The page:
For step 4, I really tuned into my word choice and placement. I prefer smaller, more direct words in my poetry to show that even “complicated” emotions can be simplified with the truth. I used repetition to show that You claim to love a lot of things…except, apparently, me. In the first stanza, I only reference myself once while using You four times to emphasize how much it’s all about You. I make sure that each preposition I use expresses being covered by something or being equal to something else, but never higher. I also countered “lay” in the first stanza with “stand” in the second, showing that while you put me down, I can lift myself up.

Step 5 was tricky. I made sure to capitalize on the repeating phrase “you love” and to place each preposition on its own line. Combined, this expresses the sentiment that it doesn’t matter what “you love,” but that You love it more than me. Each of the second stanza’s five lines has a lot of emphasis that counters the entire first stanza. “I” is first and above the rest of the lines. The first two lines together show that I have feelings, too. I want to stand “above” for once. More so, I want to stand above “anything.” Even something small. It’s a powerful ending that conveys desperation and hopelessness, despite standing up for myself and admitting how You’ve made me feel.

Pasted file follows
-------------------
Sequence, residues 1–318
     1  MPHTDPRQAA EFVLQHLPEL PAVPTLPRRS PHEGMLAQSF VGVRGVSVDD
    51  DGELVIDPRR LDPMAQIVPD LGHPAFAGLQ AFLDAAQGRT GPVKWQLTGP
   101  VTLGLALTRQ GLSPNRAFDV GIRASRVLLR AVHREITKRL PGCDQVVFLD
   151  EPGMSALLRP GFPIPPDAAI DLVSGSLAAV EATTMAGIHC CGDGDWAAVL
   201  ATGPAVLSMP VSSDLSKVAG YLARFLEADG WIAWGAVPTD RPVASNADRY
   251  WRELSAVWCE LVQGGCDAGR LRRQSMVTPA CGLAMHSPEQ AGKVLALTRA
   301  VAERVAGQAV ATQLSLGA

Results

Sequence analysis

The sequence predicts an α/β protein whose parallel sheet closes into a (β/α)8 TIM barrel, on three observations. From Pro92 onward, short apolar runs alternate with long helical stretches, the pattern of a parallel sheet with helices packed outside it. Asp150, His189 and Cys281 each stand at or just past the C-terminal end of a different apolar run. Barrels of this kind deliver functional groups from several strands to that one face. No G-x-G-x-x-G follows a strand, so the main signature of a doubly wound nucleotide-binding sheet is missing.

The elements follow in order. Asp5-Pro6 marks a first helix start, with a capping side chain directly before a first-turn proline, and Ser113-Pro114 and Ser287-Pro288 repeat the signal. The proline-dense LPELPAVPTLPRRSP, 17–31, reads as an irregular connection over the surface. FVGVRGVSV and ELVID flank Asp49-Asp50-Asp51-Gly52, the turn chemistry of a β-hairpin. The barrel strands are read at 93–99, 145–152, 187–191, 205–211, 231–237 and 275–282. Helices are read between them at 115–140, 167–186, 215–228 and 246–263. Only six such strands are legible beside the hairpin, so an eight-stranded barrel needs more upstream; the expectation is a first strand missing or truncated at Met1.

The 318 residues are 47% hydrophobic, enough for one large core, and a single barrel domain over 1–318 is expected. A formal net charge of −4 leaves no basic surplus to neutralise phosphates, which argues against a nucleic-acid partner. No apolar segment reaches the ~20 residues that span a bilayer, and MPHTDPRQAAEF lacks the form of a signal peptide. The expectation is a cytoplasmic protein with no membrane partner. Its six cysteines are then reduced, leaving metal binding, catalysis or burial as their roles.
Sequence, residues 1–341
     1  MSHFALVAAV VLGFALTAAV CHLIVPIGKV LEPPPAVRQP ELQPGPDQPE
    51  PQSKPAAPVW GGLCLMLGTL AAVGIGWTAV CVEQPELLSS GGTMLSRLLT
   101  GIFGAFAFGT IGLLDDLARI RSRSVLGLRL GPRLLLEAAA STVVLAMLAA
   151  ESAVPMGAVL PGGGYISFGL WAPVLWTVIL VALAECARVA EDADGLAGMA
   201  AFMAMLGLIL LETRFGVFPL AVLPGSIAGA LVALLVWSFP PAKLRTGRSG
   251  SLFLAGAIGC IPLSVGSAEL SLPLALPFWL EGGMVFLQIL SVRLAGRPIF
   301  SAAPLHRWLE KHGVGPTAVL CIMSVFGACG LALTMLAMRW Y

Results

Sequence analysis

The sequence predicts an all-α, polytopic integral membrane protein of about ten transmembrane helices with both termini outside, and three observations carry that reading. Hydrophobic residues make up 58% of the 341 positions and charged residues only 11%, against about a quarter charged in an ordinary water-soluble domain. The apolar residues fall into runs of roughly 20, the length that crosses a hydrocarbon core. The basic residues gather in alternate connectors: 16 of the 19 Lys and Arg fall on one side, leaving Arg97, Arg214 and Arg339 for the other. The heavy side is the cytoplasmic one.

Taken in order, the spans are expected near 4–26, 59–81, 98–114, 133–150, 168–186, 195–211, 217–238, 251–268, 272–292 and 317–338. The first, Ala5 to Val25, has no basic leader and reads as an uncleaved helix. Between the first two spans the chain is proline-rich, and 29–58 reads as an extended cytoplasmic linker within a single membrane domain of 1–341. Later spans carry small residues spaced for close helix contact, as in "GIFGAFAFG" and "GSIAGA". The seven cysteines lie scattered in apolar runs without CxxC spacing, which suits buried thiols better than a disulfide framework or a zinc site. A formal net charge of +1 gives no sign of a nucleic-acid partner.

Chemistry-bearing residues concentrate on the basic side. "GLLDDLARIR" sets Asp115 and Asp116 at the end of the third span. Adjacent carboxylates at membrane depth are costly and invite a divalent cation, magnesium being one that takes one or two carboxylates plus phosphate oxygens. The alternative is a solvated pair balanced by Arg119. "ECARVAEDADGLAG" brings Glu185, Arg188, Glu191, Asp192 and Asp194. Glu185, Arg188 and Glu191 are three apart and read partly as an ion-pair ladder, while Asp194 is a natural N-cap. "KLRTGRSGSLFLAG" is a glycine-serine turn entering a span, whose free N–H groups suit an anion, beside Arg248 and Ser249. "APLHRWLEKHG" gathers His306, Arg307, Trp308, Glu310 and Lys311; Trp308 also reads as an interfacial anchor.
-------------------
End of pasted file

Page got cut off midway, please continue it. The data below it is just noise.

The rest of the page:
I went out on my own for step 6. I wanted this to be a more serious poem, but I didn’t want long lines and lots of words. I wanted to keep things simple and truthful. For that reason, I decided to keep the entire poem short and to the point.

Step 7 is the real reason it is what it is. I read it out loud every time I made a change, until it had a nice sound to it and seemed to progress naturally. Hearing my words out loud helped me get a feel for what fit and what didn’t, as well as what felt forced.

 

What do you think?